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Watch out for these supplements with potent substances: HSA

Two people experienced adverse effects after taking products containing potent medicinal ingredients including steroids, the Health Sciences Authority (HSA) said on Monday.

HSA alerted the public to refrain from purchasing AlphaMiracHerbs capsules, Shu Jin capsules, as well as Jolicare baby cream, collagen cream and original cream. Those who have consumed or used them are advised to see a doctor as soon as possible.

The AlphaMiracHerbs and Shu Jin capsules were obtained from Malaysia, while Jolicare creams were sold on local e-commerce and social media platforms.

HSA has worked with platform administrators to remove the listings. Investigations against the seller are ongoing.

A woman in her 60s who took Shu Jin capsules regularly over 10 years to alleviate joint pain had to be hospitalised shortly after she stopped taking it. 

Her relative who obtained the capsules from a clinic in Malaysia had recommended it to her.

She experienced fever, giddiness, joint pain and loss of appetite, HSA said. She was diagnosed with osteoporosis and adrenal insufficiency – a serious steroid withdrawal condition where the body does not produce enough steroid hormones after stopping long-term steroid use.

Upon testing the product, HSA detected three potent medicinal ingredients – dexamethasone, chlorpheniramine and atorvastatin.

Dexamethasone is a steroid, chlorpheniramine is an antihistamine and atorvastatin is a cholesterol-lowering medicine. 

Long-term unsupervised use of steroids such as dexamethasone can cause Cushing’s syndrome and increased blood glucose levels, which can lead to diabetes, HSA added.

This was the case for a man in his 60s who developed Cushing’s syndrome after taking AlphaMiracHerbs capsules for three to four months for an inflammatory skin condition. He gained about 10kg and developed a round face.

He received the product from a friend who got it in Malaysia.

HSA found that AlphaMiracHerbs capsules contained dexamethasone, chlorpheniramine, ibuprofen, lovastatin, chloramphenicol and tetracycline.

Ibuprofen is a non-steroidal anti-inflammatory drug and lovastatin is a cholesterol-lowering medicine. Chloramphenicol and tetracycline are both antibiotics.

HSA was alerted to the sale of Jolicare creams online based on feedback from several people, including a pharmacist who was suspicious of the cream when a three-year-old’s chronic eczema improved after only three days of use, and a doctor who saw it on social media chat groups.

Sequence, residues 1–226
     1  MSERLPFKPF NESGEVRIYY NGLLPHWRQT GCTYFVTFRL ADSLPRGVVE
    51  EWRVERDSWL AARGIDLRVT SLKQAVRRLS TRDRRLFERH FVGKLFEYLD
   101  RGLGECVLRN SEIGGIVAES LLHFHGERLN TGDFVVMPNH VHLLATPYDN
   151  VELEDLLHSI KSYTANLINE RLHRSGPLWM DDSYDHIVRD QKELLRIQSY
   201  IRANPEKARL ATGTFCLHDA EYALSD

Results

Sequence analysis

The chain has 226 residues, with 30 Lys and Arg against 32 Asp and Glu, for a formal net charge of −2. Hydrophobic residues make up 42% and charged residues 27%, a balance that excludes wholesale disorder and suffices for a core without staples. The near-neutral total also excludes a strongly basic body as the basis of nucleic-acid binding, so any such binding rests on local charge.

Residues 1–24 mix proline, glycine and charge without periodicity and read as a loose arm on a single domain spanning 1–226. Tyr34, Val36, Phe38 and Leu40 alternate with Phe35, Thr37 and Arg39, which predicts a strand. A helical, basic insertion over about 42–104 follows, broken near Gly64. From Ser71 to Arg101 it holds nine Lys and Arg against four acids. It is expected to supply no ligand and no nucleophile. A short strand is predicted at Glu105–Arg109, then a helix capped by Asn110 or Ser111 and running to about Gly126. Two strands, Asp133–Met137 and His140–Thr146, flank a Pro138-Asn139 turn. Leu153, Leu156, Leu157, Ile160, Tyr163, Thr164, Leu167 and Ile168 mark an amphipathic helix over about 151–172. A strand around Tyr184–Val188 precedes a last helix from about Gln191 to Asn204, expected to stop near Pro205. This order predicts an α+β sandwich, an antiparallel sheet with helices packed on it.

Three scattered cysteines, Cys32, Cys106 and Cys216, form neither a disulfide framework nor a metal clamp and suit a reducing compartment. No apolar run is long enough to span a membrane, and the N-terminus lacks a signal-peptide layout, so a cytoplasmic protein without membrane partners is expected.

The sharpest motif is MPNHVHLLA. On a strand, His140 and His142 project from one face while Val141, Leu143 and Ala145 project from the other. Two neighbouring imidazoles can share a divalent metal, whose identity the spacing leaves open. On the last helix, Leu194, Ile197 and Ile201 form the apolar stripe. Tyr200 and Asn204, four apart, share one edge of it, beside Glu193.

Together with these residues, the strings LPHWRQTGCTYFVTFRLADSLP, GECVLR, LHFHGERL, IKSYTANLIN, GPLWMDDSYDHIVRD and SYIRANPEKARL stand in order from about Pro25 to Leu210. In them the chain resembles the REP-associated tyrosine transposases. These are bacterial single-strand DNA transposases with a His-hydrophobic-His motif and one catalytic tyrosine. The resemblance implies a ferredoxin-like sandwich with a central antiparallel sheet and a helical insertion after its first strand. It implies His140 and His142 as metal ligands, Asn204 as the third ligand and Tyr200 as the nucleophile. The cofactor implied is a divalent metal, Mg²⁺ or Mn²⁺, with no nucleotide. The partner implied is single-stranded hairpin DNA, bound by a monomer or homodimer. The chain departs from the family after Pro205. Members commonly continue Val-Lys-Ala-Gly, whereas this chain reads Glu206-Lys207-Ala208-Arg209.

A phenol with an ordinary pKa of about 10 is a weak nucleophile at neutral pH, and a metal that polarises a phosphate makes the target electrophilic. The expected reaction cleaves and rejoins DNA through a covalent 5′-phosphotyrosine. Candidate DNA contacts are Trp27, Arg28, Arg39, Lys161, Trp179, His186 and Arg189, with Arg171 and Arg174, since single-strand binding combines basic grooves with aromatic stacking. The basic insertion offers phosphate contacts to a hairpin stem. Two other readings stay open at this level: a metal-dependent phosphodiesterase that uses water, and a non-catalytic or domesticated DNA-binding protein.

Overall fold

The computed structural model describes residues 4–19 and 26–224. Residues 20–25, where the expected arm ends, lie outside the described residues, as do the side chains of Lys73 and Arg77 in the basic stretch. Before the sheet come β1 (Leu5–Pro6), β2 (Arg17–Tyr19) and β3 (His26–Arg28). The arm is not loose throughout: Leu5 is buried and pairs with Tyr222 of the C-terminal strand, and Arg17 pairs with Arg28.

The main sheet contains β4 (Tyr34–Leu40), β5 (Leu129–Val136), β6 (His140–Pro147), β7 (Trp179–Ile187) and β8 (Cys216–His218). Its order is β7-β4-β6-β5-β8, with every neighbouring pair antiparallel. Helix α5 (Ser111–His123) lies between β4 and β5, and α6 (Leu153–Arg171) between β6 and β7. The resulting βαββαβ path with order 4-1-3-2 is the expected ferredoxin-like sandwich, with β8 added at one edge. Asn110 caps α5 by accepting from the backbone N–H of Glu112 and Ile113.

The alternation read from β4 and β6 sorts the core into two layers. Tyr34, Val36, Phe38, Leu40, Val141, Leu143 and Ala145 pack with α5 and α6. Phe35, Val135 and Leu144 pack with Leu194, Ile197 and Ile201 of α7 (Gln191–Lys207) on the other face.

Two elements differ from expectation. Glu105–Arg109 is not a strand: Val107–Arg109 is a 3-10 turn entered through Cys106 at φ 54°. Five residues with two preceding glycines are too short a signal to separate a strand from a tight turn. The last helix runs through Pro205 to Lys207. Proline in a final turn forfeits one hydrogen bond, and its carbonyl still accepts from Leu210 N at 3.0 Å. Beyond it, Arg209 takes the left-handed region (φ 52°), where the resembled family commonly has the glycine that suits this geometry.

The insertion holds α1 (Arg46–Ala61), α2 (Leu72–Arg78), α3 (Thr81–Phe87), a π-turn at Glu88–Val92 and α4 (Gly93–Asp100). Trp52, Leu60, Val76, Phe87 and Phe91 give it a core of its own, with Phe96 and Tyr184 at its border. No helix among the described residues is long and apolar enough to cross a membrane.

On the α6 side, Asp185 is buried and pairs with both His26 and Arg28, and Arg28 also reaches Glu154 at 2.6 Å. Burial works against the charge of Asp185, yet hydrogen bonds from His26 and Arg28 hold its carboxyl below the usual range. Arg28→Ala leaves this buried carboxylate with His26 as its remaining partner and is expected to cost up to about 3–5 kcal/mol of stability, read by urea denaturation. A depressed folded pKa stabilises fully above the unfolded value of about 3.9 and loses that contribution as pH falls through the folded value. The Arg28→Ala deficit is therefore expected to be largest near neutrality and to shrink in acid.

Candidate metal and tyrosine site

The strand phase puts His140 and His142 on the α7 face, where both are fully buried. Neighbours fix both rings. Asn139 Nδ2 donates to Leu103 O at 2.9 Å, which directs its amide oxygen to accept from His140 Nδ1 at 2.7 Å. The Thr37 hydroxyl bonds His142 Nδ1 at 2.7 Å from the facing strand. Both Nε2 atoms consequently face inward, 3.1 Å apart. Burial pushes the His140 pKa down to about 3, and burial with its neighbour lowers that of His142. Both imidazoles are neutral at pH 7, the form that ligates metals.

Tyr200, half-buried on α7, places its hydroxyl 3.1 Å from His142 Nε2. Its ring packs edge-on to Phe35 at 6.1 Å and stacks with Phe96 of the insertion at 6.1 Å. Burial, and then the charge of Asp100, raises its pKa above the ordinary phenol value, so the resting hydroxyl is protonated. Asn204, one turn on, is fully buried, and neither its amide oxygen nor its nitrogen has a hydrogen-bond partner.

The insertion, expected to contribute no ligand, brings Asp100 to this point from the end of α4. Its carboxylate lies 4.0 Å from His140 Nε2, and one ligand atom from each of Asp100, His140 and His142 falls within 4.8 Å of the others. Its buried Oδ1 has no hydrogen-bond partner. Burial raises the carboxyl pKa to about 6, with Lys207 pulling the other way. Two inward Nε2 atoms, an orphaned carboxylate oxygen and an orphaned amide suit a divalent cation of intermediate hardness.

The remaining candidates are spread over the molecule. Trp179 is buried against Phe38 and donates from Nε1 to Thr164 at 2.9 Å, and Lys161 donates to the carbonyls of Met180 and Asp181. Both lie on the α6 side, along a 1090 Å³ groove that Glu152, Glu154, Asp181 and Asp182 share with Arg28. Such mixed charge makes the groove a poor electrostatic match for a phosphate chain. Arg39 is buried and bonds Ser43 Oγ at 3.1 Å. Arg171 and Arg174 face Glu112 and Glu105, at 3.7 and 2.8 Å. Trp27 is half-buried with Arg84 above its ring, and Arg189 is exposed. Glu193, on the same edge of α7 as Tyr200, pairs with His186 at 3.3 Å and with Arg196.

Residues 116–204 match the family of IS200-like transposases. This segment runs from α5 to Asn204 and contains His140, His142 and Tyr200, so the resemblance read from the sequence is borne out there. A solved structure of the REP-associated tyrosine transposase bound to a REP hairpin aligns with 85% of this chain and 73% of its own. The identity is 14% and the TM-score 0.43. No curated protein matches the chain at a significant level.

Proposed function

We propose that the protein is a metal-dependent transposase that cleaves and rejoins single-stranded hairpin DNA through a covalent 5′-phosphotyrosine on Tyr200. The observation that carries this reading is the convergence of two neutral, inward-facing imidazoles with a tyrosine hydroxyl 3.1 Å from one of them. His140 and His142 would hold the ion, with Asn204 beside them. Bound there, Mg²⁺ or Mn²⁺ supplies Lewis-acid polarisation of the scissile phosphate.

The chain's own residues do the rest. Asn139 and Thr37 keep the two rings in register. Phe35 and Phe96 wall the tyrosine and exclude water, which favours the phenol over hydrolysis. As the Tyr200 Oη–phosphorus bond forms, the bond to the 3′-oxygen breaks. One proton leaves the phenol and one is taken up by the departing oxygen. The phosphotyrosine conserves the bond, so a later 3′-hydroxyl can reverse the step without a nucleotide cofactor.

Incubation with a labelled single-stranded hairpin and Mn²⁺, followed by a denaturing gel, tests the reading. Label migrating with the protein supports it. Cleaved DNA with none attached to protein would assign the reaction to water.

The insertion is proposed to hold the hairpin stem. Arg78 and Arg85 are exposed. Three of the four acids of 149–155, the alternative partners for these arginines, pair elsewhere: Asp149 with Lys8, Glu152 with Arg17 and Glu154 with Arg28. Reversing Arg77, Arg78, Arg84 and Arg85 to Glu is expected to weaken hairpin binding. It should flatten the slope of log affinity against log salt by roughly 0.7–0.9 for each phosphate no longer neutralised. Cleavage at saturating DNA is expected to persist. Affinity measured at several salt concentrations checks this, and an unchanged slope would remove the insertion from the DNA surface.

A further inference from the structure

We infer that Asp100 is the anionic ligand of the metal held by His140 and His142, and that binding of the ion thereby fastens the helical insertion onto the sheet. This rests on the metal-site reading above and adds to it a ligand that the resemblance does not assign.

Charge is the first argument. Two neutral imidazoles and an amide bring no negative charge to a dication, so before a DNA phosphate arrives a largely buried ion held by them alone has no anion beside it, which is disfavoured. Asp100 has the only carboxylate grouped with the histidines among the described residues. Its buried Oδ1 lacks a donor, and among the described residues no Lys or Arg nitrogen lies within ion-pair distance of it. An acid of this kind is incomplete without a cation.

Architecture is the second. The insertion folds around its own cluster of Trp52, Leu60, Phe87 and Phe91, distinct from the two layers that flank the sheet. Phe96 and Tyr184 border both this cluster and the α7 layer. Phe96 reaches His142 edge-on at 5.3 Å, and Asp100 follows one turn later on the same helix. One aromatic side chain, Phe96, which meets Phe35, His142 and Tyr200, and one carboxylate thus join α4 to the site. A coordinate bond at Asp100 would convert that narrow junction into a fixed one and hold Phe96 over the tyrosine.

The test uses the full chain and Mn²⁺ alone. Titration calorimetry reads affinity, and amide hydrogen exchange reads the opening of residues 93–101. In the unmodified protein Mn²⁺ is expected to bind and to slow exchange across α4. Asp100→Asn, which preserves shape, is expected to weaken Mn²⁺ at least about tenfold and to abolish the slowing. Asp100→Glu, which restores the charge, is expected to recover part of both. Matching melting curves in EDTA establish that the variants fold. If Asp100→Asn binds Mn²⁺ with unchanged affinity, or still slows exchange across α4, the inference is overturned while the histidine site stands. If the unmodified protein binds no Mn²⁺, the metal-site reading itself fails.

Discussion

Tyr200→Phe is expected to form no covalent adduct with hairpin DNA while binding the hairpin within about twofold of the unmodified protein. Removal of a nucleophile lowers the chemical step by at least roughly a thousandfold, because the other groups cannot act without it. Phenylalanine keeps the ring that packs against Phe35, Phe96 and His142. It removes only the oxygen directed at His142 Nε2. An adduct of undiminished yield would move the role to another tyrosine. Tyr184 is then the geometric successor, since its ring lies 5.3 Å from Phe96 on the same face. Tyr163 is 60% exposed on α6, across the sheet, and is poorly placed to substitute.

HSA said Jolicare product listings carried a disclaimer that the creams contained “a minimal amount of dexamethasone and clobetasol” and falsely claimed that “the dose is approved by skin specialists and is safe for all, including babies and pregnant mums”.

“Creams containing such potent steroids for treatment of skin conditions should be evaluated and approved by HSA, and they should only be prescribed by doctors for use under medical supervision,” said HSA, adding that these products were not approved by the authorities. 

Apart from clobetasol propionate and dexamethasone, HSA detected chloramphenicol and ketoconazole in all three Jolicare creams. 

Clobetasol propionate is a steroid and ketoconazole is an antifungal.

Potent medicinal ingredients in the creams can pose serious health risks, especially in infants, children and pregnant women, if used without medical supervision, HSA warned.

It advised consumers to be wary of products that carry exaggerated claims or deliver quick results, such as fast relief of chronic medical conditions, as they can contain potent ingredients that can seriously harm one’s health.

Consumers should also exercise caution when buying such products online or from well-meaning friends as they cannot be certain where and how these products were made and whether they have been adulterated with harmful ingredients.

“Adulterated products are often manufactured under poor conditions with no quality control, and different batches of the same product may contain variable amounts of ingredients and/or different types of adulterants,” HSA added.

Consumers should always consult their doctor or pharmacist if they need help managing their chronic medical conditions, it added.

Those convicted of selling or supplying products found to be adulterated with potent medicinal ingredients can be jailed for up to three years, fined up to $100,000, or both.

HEALTH SCIENCES AUTHORITYmedicinePHARMACEUTICALS SECTOR